A phenomenon which should not pass unremarked is the rather spectacular regeneration-after eight years' absence-of the American journal KENYON REVIEW (Kenyon College, Gambier, Ohio 43022). In the Winter of 1979 it came back to life,and since then it has followed a fascinating course, exemplifying how an imaginative editorial policy can popularize, without serious damage to editorial standards, a literary journal, helping to strengthen the bridge between creative, critical and scholarly work. Contributors have included-as well as lesser-known talent-Solzhenitsyn, Beckett, William Gass, George Steiner, Marquez, etc. Two editors, RONALD SHARP and FREDERICK TURNER, are responsible for this phoenix. They declare: 'We intend to broaden the definition of literature, restoring it to its position as the meeting place for scientific, artistic, philosophical, and critical writing. . . . After a period of cultural fragmentation and cynicism, we want to serve as a nucleus for a cultural renaissance.' Such an ambition is superbly arrogant and refreshingly candid. We can report, at least, that the new-style KENYON REVIEW is well designed, the articles are readable and stimulating, and though the bias may seem to be 'critical', there is much space given to creative work. Certainly the 'New Criticism' of the old Kenyon Review has vanished. It remains to be seen if, behind the ebullience and excitement of the new venture, there is a policy beyond strong enthusiasm and a diverse commitment to openness-in short, whether the venture is to prove truly catholic or merely eclectic. In any case, while a clear impression of its general orientation emerges, it is an interesting read.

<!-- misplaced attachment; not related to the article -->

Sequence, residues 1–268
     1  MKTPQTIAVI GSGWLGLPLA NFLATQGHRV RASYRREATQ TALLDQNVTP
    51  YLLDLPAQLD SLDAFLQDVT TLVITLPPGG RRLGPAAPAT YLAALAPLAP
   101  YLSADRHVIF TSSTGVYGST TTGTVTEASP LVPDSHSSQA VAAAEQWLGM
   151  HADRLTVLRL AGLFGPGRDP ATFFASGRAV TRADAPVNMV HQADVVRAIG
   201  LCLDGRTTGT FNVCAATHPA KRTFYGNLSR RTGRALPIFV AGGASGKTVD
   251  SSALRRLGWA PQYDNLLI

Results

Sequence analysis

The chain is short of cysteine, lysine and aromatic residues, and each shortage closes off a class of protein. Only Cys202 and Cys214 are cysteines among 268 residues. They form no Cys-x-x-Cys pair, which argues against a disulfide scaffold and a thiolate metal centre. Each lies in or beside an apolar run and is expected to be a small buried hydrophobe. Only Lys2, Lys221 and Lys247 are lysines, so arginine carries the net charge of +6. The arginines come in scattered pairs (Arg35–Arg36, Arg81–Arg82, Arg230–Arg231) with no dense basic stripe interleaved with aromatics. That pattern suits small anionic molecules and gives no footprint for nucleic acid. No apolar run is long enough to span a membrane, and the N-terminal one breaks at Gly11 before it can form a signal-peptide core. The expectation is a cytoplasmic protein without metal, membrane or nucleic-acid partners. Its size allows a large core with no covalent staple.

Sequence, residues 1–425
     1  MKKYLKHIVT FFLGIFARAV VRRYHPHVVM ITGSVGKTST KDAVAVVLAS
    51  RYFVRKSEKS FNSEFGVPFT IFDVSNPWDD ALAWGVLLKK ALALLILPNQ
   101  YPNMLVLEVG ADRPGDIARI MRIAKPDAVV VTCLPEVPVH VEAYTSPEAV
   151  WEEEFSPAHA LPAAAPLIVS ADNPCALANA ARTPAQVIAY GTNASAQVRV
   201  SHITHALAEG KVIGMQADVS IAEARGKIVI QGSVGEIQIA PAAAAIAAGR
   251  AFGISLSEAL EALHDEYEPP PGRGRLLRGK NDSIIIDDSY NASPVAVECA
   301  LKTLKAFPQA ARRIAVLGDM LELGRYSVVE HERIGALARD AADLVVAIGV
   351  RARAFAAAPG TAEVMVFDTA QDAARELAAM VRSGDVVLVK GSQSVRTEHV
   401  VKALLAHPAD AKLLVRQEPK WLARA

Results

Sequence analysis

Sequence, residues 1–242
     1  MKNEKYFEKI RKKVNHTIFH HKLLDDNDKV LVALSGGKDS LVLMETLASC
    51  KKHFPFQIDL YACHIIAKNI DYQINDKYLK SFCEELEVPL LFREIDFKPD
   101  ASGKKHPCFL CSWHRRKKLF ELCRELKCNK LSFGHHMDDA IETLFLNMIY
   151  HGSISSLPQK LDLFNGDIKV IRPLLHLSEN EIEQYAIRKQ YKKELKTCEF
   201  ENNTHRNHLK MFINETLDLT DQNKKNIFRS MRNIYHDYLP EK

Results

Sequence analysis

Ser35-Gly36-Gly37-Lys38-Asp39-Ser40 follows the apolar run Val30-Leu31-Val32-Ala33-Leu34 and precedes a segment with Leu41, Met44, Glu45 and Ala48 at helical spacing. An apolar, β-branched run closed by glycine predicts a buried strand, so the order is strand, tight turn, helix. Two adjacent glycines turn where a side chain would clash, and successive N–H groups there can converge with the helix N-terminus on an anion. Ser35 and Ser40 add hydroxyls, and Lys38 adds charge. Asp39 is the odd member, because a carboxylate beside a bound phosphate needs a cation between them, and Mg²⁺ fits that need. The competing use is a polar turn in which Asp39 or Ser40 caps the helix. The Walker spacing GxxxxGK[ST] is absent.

The political crises in South Africa have been reflected in the ebullition of new writing-Black, Coloured, Indian, Afrikaans and English-that marked the seventies. This literary awakening has been fostered by a cluster of avant-garde publishing houses (Ravan, Bateleur, Renoster, David Philips, Ad Donker) and the numberless 'little reviews' that have sprung up in the last ten years. Following such recent multiracial literary magazines as Staffrider and Heresy, a substantial new bi-monthly with over a hundred pages of text, besides illustrations, was launched in Johannesburg in September.